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Given a sequence of two letters A and B find the total number of possible sub sequences where number of letter A is two times the number of letter B without changing the order.

For example consider the sequence AAAABBAAAA Now the possible sub sequences with given conditions can be AAB BAA AAAABB BBAAAA AAABBA AABBAA and ABBAAA.

Some insights on how to approach this problem would be great, with or without the solution. Also, I often come across these kind of problems where there's a bunch of permutations involved and you've to try them all to figure out the solution. Is there any specific approach for such questions? Any book you can recommend which can help me get better at solving such problem?

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You ought to follow a algorithmic approach. Start off with the condition and and analyse the cases possible.

In your case the condition is No. of A's = 2 * No. of B's

So, B,s count in original string = 2;

Now if the string has > 4 A's you can have all cases otherwise you may have to reject cases that are not possible

(1 B, 2 A),(2 B, 4 A)                    ---- Similar approach needs to be followed for general case identification

so for the above two cases

case 1 : (1 B, 2 A)

no of permutations (p1) = fact(3)/fact (2) --- division by fact 2 to nullify the arrangement of identical A's

case 2 : (2 B, 4 A)

no of permutations (p2) = fact(6)/(fact(2)*fact(4))  --- division by fact to nullify arrangement of identical A's and B's

Now adding the answer form the two cases the final answer is

        total no of permutations = p1 + p2

                                 = 3 + 15 = 18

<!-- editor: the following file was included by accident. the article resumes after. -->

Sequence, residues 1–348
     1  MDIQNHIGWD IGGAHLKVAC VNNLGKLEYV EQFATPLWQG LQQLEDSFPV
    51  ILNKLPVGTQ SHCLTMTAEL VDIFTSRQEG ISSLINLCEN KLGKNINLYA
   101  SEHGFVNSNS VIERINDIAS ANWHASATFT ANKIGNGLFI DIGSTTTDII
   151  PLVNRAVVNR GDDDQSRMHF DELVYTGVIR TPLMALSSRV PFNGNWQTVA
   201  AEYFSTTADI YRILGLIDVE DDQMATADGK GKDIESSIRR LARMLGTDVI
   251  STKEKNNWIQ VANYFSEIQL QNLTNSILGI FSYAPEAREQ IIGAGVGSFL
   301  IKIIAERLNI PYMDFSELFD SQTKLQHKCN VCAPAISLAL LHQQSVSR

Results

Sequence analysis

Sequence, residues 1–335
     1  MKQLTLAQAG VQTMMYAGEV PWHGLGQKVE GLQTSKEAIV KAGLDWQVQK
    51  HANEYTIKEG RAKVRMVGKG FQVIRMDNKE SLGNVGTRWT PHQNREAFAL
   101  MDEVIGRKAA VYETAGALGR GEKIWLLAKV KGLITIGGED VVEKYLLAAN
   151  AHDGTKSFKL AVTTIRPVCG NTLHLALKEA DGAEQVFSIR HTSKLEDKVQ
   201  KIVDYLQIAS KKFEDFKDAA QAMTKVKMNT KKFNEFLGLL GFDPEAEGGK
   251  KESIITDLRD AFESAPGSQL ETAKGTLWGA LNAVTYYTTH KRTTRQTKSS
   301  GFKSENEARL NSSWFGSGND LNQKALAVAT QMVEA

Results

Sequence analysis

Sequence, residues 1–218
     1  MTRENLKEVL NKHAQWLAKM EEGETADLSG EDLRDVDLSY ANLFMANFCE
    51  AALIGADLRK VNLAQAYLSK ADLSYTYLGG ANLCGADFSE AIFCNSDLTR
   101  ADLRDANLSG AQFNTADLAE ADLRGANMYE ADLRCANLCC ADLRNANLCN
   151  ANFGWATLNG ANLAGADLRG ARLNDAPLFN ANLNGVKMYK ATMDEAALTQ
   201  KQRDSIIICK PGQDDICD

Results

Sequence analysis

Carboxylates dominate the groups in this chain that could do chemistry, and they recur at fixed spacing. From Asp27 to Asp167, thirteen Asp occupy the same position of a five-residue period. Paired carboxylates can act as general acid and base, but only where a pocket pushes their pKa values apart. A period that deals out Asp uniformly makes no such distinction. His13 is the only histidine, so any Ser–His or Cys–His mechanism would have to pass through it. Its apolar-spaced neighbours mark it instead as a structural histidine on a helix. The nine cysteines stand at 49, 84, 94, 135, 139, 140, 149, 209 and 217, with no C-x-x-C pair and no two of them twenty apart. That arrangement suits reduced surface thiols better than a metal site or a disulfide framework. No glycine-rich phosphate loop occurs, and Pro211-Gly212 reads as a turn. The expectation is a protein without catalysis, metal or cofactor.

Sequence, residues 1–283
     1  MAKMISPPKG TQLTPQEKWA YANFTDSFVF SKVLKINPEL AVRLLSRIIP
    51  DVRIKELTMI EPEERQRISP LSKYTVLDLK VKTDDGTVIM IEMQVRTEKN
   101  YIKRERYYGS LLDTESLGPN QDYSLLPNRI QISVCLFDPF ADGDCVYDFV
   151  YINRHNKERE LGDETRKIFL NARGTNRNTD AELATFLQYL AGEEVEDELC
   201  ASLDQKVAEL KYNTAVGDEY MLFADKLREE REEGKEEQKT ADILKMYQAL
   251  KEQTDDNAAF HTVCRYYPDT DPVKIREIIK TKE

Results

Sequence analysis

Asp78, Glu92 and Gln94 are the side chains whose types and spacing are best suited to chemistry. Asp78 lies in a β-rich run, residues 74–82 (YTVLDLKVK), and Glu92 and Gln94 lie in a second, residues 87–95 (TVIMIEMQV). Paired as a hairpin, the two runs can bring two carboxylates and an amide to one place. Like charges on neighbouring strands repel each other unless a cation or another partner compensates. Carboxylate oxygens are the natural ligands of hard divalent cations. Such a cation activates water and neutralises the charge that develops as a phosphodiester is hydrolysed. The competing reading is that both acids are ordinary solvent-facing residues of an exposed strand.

Hope this helps in general first you should always formulate the problem in to sections and parts and then find subparts along the way.

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  • $\begingroup$ Thank you for your answer. But I was able to cook up this part myself as well. The answer for the given case is 7 and not 15. Since the order can't be changed, cases have to eliminated.That is what I wanted help with. $\endgroup$ – aandis Jul 8 '14 at 7:24
  • $\begingroup$ Not 18 I mean. Typo. $\endgroup$ – aandis Jul 8 '14 at 7:30
  • $\begingroup$ sorry i missed the without changing order part. i will try to post again to help you. $\endgroup$ – Ashwini Arvind Choudhary Jul 8 '14 at 7:39
  • $\begingroup$ I think we have to consider the BB part as a single unit and then permute. That way the permutations would be fact(5)/fact(4). But I am still missing a case $\endgroup$ – aandis Jul 8 '14 at 7:43
  • $\begingroup$ OK the other case is subtracting the repeated AABBAA which is identical. Just need to generalize this now. $\endgroup$ – aandis Jul 8 '14 at 7:45

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